Monday, June 3, 2013

One Benefit of Reading with a Kindle

I've discovered one definite benefit to reading with a Kindle, thanks to my friend Barbara who lent me hers so I could read a bit of a book she felt I would like. I did like it (Meike Winnemuth's memoir Das Grosse Los about using the half million euros she won in a contest to spend 12 months living in 12 different cities around the world), but I also liked the fact that the Kindle forced me to immediately write down whatever phrases I would have otherwise underlined with the pencil I always have at the ready when I'm reading. I also couldn't dog ear a page like I usually would to mark a page I want to come back to. The problem with the underlining and the dog-earing is that typically, I never actually go back and copy down those phrases I found insightful, or the prose I loved. But with the Kindle, I did so immediately! This might be due to my ignorance of actually using all the capabilities of the device (I was happy I mastered paging back and forth...) but for now it is a great thing because I've got those phrases in my notebook.

My favorite quote from what I read so far in Winnemuth's Das Grosse Los (no English translation yet, sorry): "Do what you like, and while doing that, you will meet people you like" (my translation). That's something to ponder, isn't it?

5 comments:

  1. I like my e-reader for travel, but not for books I would want to keep, fill with marginalia, or use for research. If I have to take those notes like you did, then I'd have to keep track of the notes. I'm so tied to the physical book that I've developed a kind of muscle memory that helps me know that a quotation I want to use is on the left side of the page, near the front of the book, at the bottom. I use the highlighting feature but I hate how hard it is to locate a passage I didn't hightlight.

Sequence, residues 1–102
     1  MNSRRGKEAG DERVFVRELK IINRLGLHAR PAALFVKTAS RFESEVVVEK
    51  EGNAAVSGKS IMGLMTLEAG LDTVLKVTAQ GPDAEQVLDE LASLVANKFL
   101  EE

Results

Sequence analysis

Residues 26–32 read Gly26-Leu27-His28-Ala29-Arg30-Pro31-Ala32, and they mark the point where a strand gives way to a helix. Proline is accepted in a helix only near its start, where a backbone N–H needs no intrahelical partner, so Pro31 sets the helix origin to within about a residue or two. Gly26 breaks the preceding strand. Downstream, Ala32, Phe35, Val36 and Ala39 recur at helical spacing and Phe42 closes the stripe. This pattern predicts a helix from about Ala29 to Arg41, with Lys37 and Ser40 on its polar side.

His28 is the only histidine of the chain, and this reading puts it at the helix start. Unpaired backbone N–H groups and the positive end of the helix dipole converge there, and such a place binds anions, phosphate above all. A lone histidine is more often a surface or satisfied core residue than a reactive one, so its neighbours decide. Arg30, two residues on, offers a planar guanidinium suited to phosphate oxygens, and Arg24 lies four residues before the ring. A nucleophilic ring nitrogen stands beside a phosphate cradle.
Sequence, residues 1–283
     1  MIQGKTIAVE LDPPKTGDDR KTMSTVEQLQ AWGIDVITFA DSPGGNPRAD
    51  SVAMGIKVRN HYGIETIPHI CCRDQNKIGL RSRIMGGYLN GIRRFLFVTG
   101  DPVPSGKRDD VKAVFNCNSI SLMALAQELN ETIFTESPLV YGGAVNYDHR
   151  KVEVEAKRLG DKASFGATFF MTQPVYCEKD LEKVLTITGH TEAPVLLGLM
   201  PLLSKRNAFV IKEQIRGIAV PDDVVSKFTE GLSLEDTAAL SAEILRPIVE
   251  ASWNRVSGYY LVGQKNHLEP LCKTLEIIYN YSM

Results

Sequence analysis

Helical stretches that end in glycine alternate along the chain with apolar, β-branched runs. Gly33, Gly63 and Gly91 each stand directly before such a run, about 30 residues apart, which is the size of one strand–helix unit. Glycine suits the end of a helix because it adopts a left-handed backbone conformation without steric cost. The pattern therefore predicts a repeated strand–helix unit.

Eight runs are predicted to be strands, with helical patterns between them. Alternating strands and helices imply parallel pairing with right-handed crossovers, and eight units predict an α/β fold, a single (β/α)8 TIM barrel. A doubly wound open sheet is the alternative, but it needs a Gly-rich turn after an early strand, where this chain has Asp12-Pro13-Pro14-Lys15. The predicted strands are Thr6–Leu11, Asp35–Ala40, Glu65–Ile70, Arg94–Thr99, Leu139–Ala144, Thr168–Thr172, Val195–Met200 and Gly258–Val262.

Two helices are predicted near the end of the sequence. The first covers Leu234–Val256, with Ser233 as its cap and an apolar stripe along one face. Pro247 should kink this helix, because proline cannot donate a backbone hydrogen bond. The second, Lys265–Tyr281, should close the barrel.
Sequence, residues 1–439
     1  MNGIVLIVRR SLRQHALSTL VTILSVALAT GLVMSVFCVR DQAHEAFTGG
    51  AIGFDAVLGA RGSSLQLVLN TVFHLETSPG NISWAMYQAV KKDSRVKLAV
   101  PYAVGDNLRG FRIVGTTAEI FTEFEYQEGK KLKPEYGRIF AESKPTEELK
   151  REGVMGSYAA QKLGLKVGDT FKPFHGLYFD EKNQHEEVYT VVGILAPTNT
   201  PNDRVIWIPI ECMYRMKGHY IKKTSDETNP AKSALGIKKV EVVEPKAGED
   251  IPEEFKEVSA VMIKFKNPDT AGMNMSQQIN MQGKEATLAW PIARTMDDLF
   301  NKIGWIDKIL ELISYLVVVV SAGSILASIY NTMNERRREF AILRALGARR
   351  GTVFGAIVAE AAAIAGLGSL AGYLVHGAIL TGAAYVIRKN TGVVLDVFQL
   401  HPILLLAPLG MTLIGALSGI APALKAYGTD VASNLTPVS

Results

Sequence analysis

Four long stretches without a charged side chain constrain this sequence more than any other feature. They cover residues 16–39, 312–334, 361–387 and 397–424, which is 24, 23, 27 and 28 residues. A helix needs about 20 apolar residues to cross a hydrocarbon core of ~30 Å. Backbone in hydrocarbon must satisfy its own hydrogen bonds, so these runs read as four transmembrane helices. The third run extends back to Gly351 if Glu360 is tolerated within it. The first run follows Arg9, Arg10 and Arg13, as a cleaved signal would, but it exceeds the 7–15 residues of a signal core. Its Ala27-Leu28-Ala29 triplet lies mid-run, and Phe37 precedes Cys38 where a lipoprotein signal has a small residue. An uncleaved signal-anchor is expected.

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    1. Julie - the kind of memory you're referring to is called eidetic, namely the ability to recall visually where something is located. I am the same way - I will remember where on a page and in which part of a book a passage was, and not having that in an e-reader would probably irk me. I must say I'm also missing the soul that a physical book brings with it, just by the way it looks and feels.

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  2. I didn't think I would like using Kindle, but was eventually forced to because the kindle versions are cheaper - I live in the Philippines and shipping costs a lot. I love the highlighting feature because you can go back and review your highlights and notes and there's a list and you can choose the ones you want to re-read. After reading your post, I'm considering writing down the lines I want to highlight when I read books.

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    1. Rosanna - great point: with a Kindle it's more cost effective to obtain "foreign" language books. I am pondering whether I should get one to make it easier and less expensive for me to get ahold of German books.

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  3. I really do have to get my hands on an ereader. There are so many books I've got to get, and the ereader makes them convenient.

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